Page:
This fact motivated us to make `scared`

faster. For the three available partitioned distinguishers, namely SNR, NICV and ANOVA, the partitioning process was reworked. A new method is now implemented, using parallel loops accelerated with numba. But this new method is not the fastest one in any cases, especially when the number of partitions is low. This is why the *loop* method coexists with the *matrix multiplication* one and the fastest method is chosen at runtime. Doing so, we are filling the gap with SCALib, which is now "only" 7 times faster than `scared`

(compared to 45 to 225 times!!). We will probably not rewrite `scared`

using Rust, but we will probably make SCALib compatible with our framework and make it available a new distinguishers for `scared`

.

See below a comparison before / after the code optimizations. This benchmark was performed with the following dataset and setup:

- 25GB dataset, with 1 Million traces of 25,000
`uint8`

samples, stored on a NVME SSD. - 16 of the 56 available CPU cores are used (2x Xeon 2680v4)

**Figure - Execution time comparison and speedup, old vs new implementations.**

As shown by this figure, the *t*-Test also benefits from the numba acceleration. To go a step further, another trick was implemented. Indeed, *t*-Test processes two datasets, and this is now performed in parallel. Combining these improvements leads to a x4 speedup for *t*-Test computation !

A major speed improvement was also implemented for the MIA distinguisher, with a x50 speedup.

The `scared`

distinguishers allow user to choose the precision used to perform the calculus: `scared.CPADistinguisher(precision='float32')`

. The `float64`

precision leads to accurate sums, it has the drawback to use twice the memory compared to 32-bit precision. This is why we are mostly using the `float32`

precision: it saves a lot of memory space and the computations are faster. And the calculus are sufficiently accurate to lead to successful attacks.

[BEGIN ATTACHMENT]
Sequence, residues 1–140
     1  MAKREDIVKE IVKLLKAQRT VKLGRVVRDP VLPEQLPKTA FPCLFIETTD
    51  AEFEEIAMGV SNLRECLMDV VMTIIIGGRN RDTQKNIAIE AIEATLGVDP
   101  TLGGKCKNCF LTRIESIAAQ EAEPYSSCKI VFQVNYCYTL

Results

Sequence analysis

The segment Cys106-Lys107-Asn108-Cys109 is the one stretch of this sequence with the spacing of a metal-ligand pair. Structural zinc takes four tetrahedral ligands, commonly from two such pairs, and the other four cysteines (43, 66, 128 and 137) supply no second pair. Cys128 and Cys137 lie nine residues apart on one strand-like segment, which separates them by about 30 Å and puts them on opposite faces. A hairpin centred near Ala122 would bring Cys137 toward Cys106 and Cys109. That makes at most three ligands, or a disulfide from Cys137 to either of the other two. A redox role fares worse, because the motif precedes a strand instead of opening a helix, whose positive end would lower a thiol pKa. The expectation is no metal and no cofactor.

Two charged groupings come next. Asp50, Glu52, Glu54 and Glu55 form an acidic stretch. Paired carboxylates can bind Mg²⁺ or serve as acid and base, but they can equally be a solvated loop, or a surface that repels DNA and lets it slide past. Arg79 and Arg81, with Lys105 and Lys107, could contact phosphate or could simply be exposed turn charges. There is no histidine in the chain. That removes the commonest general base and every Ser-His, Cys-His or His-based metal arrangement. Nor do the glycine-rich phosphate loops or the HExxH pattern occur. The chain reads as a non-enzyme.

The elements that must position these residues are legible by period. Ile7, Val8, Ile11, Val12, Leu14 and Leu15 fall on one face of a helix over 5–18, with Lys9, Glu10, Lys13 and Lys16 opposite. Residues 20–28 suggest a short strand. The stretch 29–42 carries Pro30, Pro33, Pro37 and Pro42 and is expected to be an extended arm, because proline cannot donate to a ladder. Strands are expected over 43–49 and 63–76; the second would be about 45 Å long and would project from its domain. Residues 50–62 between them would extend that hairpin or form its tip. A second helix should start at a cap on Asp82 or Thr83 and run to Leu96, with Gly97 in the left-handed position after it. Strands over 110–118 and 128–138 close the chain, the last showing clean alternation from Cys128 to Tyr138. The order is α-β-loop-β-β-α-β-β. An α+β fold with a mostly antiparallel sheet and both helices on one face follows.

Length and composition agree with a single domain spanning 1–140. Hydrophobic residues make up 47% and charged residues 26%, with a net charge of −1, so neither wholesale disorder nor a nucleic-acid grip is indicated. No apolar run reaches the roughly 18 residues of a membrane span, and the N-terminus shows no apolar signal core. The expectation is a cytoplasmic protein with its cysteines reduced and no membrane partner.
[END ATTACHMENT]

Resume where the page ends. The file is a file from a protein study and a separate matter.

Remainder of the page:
Recently we discovered that numpy summation accuracy on `float32`

arrays depends on the data alignment (see numpy note). After carefully analyzing our framework, we conclude that:

- most of the time, the less accurate sum is used
- the data order processed by the distinguisher depends on the preprocesses of frame used

Obviously this issue was corrected in `scared`

. Now, the data are forced to the Fortran order, which leads to a better precision when the sum is performed on the first dimension (see `scared`

code).

We never encountered issues due to a lack of numerical precision, but in some cases the differences are clearly visible compared to the `float64`

precision. This is the case on the ASCAD dataset. The following figure shows the correlation according to the Hamming weight of the SubBytes output.

**Figure - Numerical precision differences.**

Using the `float64`

result (blue line) as a reference, we can see that the error with the "old" implementation (i.e. before the improvements) is clearly visible (orange line) and the deviation goes up to 20% of the reference value. With the new implementation (green line), the error is reduced by a factor 1000.

The counterpart of our new implementation is a small decrease of the computing performances. Indeed, the data are stored on disk in C order and the conversion to the F order is a bit slower compared to converting only the dtype. But it's not a fatality and the open issues on the `scared`

repository show that performance is one of our priorities.

As usual when an issue is discovered it is thoroughly studied and fixed. New unitary tests are added accordingly resulting in a more reliable code. In the context of performance, faster execution speed and more efficient resource utilization matters, but in side-channel in particular it shall not be done at the expense of numerical precision.